Small Town and Rural Economic Development: A Case Studies Approach

By Peter V. Schaeffer; Scott Loveridge | Go to book overview

CHAPTER 15
Agricultural Processing Facilities as a Source of Rural Jobs

F. Larry Leistritz


INTRODUCTION

This case study addresses agricultural processing facilities as a development option for rural communities. Expanded processing of agricultural products in rural areas has been widely pursued as a strategy for rural economic development ( Barkema et al. 1990; Leistitz and Hamm 1994). Expansion of value-added agricultural processing in rural areas is generally seen as a positive development; cooperatively owned, value-added processing plants may allow producers to integrate forward and capture potential profits from processing and marketing their products. Also, whether locally-owned or part of a large, integrated agribusiness company, new processing plants may create new employment opportunities in rural areas previously hard-hit by the farm crisis of the 1980s and subsequent farm consolidation ( Sommer et al. 1993; Murdock and Leisftitz 1988). As a result, the expansion of agricultural processing in rural areas receives broad-based support from commodity groups, rural development interests, and state political leaders. This case study summarizes recent experiences in North Dakota, where several new agricultural processing plants have recently been created.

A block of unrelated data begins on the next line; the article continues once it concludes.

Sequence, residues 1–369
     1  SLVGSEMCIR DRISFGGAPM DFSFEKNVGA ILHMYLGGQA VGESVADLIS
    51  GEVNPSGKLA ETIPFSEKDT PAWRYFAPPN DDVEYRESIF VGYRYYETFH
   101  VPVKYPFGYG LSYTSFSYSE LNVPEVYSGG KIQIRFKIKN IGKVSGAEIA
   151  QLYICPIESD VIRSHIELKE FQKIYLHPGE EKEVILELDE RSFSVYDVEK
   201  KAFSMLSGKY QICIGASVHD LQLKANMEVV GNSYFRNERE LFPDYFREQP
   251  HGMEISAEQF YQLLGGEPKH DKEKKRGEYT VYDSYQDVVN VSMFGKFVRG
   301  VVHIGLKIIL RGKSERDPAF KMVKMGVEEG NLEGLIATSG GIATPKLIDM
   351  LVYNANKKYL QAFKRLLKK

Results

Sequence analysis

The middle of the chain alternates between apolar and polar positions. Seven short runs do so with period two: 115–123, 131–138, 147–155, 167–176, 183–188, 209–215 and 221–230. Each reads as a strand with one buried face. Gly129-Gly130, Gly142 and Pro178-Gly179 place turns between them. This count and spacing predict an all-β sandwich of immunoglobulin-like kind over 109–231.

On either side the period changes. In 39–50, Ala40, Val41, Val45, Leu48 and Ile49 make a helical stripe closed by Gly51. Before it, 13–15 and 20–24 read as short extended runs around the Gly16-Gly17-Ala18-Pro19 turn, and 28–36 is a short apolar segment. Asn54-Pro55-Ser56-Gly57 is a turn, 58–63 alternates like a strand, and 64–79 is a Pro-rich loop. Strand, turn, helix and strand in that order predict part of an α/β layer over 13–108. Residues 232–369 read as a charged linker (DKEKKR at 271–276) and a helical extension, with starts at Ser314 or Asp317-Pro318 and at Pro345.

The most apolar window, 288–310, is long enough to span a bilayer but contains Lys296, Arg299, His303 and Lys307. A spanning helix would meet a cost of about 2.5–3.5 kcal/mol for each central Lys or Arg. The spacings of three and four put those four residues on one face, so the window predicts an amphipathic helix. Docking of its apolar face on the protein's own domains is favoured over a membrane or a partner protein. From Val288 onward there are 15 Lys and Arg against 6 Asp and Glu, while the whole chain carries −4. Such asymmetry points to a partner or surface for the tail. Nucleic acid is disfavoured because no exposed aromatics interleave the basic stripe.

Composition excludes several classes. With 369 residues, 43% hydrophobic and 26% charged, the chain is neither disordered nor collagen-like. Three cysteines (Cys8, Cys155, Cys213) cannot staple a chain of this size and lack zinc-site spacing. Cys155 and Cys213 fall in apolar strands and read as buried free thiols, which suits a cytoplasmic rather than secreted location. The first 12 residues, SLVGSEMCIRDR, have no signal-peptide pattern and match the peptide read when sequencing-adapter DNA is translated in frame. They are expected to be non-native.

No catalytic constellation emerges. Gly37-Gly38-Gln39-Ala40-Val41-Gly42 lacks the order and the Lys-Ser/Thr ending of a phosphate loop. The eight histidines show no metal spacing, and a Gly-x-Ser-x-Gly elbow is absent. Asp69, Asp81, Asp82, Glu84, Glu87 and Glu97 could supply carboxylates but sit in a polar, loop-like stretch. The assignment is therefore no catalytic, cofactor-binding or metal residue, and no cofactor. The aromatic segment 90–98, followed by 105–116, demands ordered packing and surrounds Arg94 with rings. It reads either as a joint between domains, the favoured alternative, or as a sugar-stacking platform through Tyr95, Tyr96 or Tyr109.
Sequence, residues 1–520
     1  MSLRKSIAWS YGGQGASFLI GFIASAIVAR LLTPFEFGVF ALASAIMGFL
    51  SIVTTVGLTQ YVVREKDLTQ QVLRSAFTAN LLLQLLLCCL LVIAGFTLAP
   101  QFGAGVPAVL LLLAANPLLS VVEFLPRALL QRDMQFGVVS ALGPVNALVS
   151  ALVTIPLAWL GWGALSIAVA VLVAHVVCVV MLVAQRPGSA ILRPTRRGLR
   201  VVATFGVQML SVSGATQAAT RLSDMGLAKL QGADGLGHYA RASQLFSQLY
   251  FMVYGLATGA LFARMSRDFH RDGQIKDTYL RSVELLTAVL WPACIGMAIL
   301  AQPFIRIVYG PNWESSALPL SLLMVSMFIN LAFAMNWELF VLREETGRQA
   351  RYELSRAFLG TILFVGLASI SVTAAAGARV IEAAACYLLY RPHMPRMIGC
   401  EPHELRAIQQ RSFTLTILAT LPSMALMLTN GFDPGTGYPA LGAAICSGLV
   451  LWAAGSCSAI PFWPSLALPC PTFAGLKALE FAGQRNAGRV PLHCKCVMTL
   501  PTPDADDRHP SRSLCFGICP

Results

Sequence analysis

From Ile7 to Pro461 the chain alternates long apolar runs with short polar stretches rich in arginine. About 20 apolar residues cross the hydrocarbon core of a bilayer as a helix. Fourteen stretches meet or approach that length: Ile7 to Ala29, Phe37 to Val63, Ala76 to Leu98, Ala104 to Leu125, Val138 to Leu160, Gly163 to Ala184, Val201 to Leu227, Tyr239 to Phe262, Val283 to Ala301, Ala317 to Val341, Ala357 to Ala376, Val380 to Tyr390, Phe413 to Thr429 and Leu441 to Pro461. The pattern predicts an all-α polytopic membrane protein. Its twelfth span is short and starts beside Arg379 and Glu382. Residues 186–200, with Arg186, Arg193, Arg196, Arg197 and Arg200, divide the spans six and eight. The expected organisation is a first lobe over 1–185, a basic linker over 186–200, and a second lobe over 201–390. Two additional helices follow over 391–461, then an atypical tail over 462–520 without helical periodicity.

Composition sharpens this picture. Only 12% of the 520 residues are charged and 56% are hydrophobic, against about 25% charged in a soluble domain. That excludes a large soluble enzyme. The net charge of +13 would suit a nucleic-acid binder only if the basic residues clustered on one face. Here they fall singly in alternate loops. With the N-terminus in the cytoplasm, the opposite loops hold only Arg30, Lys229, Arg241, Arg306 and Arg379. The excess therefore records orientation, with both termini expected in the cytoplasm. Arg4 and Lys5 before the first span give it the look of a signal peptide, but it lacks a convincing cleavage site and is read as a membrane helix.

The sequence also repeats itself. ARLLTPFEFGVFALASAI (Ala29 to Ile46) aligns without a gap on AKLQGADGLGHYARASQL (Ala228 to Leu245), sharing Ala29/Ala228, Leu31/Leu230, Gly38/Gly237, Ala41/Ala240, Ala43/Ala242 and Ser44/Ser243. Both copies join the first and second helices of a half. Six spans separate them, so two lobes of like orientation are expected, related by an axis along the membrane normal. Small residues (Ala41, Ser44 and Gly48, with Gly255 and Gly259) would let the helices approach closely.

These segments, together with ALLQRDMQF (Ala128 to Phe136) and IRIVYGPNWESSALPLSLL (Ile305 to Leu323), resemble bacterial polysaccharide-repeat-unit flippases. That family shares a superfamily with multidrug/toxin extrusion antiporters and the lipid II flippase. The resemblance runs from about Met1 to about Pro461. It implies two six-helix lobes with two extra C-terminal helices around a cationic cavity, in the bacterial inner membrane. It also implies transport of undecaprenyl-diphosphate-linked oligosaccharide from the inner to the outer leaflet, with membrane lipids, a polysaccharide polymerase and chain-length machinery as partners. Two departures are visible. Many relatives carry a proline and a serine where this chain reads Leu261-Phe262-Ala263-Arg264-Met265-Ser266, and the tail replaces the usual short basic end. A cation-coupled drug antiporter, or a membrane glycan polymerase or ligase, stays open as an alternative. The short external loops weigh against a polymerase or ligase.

The expansion of value-added processing in rural areas, while widely supported, has not been without its problems. First, many rural areas have been disappointed in their efforts to attract or develop such facilities, often because of the distance between these rural farm areas and major consumer markets ( Barkema et al. 1990). Even when communities have, succeeded in developing or attracting new processing plants, some host communities have found that the new plants offered more jobs than the local labor supply could fill or at wages lower than local workers would accept ( Broadway 1994; Allen 1995).

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